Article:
So Much Longing in So Little Space: The Art of Edvard Munch by Karl Ove Knausgaard review

    It’s supposed to be a biography, but Knausgaard writes more about himself than Munch

    It is difficult to imagine a less helpful art book than this. Supposedly an exploration of the art of Edvard Munch, it is predominantly a ramble through the many aesthetic confusions of its notorious author. If you are interested in him, you might find things in here to savour. If you are interested in Munch, look him up on Wikipedia. It will be much more useful.

    Knausgaard’s notoriety stems from the weighty six-volume autobiography he published between 2009 and 2011, which he self-effacingly entitled Min Kamp (Norwegian for My Struggle) and was, of course, an immediate auricular cousin of Hitler’s Mein Kampf. Begun in his late thirties, when he hadn’t actually done much yet, the sprawling Min Kamp was packed instead with harsh and unusually intimate portrayals of his wife and family, and it was their complaints about the betrayal of personal trusts that earned the series its notoriety. So popular was Min Kamp in Norway that 450,000 readers out of a population of 5m bought a copy. The international versions followed suit, with Zadie Smith insisting that she needed “the next instalment like crack”.

    None of which bodes well. In any useful monograph about a great artist there is sprawling room for only one ego, and when an author is as determined as Knausgaard to force his own kamp into the spotlight, everything becomes a jostle for the microphone. The publisher of So Much Longing in So Little Space describes this effort as “art history, biography and memoir”, but even that jumbled shopping bag makes it sound more coherent than it is. A more accurate blurb would read: “Knausgaard follows his nose wherever he fancies, which is sometimes to Munch.”

    In any circumstance, Munch is elusive. Best known for the sequence of doomy symbolist paintings he produced in the 1890s, notably The Scream, one of the most famous images in the whole of art, Munch — born 1863, died 1944 — actually had a notably long career. The received wisdom is that after the fruitful decade of The Scream, his art fell into a repetitive decline and that the final 40 years of his contribution consisted mostly of what another of his Norwegian biographers, Stian Grogaard, describes on these pages as “basement drudges”.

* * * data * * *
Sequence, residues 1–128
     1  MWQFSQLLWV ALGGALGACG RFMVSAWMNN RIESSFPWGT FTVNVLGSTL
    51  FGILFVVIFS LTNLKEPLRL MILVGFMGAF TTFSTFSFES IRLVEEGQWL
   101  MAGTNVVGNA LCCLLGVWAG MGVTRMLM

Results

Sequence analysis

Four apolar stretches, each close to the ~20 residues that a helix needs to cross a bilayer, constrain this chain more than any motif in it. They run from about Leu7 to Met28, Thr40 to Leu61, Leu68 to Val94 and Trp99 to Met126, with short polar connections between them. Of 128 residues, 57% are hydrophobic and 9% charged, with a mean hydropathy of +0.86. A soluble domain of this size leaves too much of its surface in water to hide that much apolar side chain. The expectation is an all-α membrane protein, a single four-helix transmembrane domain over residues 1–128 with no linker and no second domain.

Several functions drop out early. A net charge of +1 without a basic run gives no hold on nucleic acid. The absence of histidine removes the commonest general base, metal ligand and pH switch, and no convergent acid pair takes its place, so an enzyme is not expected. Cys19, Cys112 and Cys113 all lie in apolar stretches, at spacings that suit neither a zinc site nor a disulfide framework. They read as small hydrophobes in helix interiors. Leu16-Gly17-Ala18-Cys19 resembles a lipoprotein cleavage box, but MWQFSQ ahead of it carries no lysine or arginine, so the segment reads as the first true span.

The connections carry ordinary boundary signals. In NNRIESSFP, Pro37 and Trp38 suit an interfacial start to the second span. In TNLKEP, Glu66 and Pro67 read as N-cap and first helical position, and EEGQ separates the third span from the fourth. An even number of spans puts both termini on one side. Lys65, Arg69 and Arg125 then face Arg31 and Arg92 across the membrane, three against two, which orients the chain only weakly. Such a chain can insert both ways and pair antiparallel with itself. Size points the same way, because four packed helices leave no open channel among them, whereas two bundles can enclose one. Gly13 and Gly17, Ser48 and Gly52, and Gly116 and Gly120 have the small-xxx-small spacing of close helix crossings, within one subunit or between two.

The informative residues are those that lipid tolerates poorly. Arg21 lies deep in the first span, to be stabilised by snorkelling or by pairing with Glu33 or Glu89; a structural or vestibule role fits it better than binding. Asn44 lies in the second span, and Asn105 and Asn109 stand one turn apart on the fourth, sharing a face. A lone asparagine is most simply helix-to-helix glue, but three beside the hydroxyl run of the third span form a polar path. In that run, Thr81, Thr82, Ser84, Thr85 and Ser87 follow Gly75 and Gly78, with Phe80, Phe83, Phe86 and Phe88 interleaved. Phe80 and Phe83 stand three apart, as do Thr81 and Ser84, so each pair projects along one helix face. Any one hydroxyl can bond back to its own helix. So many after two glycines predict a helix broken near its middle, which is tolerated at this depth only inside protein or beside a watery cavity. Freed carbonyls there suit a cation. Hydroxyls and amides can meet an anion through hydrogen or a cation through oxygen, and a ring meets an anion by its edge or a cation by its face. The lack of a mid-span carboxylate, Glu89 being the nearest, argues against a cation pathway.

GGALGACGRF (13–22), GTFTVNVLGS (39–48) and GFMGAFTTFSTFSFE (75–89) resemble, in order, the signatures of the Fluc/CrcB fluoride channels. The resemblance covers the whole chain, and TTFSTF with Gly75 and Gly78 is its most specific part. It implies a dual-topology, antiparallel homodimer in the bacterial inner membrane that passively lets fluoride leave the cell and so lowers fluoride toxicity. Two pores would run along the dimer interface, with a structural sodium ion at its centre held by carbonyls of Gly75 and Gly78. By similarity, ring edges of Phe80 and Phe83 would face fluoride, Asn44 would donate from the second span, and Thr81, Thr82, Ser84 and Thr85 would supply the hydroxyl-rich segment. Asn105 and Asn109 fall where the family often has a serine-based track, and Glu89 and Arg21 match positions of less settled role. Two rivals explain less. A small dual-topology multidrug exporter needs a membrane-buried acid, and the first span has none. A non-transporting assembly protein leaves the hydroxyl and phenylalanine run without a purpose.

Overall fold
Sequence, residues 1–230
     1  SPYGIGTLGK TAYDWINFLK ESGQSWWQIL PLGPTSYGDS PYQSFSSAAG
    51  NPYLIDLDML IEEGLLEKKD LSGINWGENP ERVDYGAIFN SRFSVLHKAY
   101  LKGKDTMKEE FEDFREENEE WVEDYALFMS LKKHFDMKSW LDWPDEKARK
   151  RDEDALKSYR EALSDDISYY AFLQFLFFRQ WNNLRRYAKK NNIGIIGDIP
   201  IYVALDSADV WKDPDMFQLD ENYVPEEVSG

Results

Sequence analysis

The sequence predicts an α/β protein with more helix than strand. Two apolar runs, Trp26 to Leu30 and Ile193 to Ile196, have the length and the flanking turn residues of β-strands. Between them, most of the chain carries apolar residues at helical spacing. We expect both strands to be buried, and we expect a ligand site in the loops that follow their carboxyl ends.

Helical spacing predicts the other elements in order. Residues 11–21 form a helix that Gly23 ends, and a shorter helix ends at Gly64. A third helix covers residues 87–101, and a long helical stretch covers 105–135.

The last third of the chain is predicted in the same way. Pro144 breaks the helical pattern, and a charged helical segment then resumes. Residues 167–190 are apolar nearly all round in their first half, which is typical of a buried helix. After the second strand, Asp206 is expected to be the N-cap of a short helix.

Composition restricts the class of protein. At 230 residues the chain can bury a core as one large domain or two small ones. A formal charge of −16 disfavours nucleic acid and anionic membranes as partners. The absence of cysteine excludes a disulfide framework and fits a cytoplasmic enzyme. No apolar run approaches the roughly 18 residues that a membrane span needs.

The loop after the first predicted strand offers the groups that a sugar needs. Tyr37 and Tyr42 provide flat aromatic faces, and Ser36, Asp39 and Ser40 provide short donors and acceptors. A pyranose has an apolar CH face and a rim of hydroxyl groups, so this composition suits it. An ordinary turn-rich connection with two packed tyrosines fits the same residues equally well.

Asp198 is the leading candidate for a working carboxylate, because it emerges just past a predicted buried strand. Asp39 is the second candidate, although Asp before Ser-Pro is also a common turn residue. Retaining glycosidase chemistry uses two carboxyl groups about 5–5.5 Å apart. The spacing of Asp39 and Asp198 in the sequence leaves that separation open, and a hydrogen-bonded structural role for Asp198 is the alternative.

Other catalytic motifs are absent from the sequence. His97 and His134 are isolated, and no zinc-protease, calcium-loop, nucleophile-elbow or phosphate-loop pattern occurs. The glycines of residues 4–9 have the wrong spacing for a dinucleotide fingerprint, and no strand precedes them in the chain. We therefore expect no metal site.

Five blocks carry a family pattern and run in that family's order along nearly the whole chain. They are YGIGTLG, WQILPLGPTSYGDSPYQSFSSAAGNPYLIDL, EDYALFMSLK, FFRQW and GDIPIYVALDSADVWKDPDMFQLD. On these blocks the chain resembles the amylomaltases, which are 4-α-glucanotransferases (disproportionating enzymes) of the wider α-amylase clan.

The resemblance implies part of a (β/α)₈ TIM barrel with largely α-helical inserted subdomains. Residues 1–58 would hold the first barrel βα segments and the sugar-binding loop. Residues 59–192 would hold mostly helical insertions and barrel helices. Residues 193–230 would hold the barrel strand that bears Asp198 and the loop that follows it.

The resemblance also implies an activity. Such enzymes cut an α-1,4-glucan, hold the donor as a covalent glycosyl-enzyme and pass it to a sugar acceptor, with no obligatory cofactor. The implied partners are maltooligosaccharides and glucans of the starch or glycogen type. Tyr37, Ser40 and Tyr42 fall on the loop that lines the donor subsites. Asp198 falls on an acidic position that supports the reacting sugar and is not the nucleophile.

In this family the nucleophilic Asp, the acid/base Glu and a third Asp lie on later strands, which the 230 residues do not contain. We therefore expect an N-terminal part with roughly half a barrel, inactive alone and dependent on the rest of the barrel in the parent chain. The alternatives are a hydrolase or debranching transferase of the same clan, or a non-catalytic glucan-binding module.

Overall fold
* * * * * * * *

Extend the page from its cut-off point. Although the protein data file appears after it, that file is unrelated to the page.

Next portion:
Scrappy landscapes, messy portraits, slapdash nudes — anyone assigning themselves the rehabilitation of Munch’s late work has a battle on their hands. Putting it all in numbers, Knausgaard reckons that Munch’s posthumous reputation rests on 10 to 15 famous symbolist images from the 1890s, out of a lifetime ouevre of 1,789 paintings.

    He has, therefore, taken on the occasional role of defender of Munch’s late work. It was in that capacity that he was asked to curate a Munch exhibition in Oslo in 2017, called Towards the Forest, in which he wanted to “exhibit unknown pictures on the premise that I believe it is possible for us to experience Munch as if viewing him for the first time”. It’s a decent ambition, and its implications dribble over intermittently into the present tome.

    We begin with a lengthy description of a painting of a cabbage field, produced by Munch in 1915, a decade or so after his hot spell, in which we see some blue-green cabbages that are “almost sketch-like”, a dark horizon, some yellow flowers on the left, and that’s it. But for reasons that are never properly illuminated, Knausgaard insists that at the sight of this “magical” picture he sees “death”. “As if the painting intended a reconciliation with death, but a trace of something terrible remains.”

    Hmm. Weakly reproduced on the next page, the painting in question surely intends nothing of the kind. I looked at it as Knausgaardedly as I could manage, with every fibre of my being hoping for flashes of Scandinavian angst, but nothing happened. It’s a poor painting, and everything that Knausgaard says he sees in it comes from him.

    At least Cabbage Field, having successfully questioned the author’s eye, relates directly to Munch. Much of what happens from now on does not. Never missing an opportunity to go off on a tangent — any tangent — Knausgaard careers up mountain, down dale, on a chaotic journey directed, it feels, by that morning’s whims.

    Suddenly, he’s in London, at the White Cube Gallery, where an exhibition has opened devoted to the German painter/sculptor Anselm Kiefer. Tracking Kiefer down to his studio outside Paris, Knausgaard is deflated to find the sprightly German dismissing 70% of Munch’s oeuvre as “weak”.

    Suddenly, a handy Norwegian assortment of Toms, Dicks and Harrys — artists, writers and film-directors — pops up on the page to redirect the focus this way and that. In what I presume was an intentionally comic interlude, we learn about the time Knausgaard was invited to present a lecture on the occasion of Munch’s 150th birthday celebrations, and of the various delays caused by his children and his dog that stopped him from writing anything. Even the ticket collector on the train to the venue gets a mention, as does the chap installing fibre-optic at his house, who happened to call.

    If you have not yet crack-piped your way through Min Kamp, this constantly distracted investigation of Munch can perhaps serve as a warning. It certainly gives you a sense of what to expect.

    Harvill Secker £16.99 pp256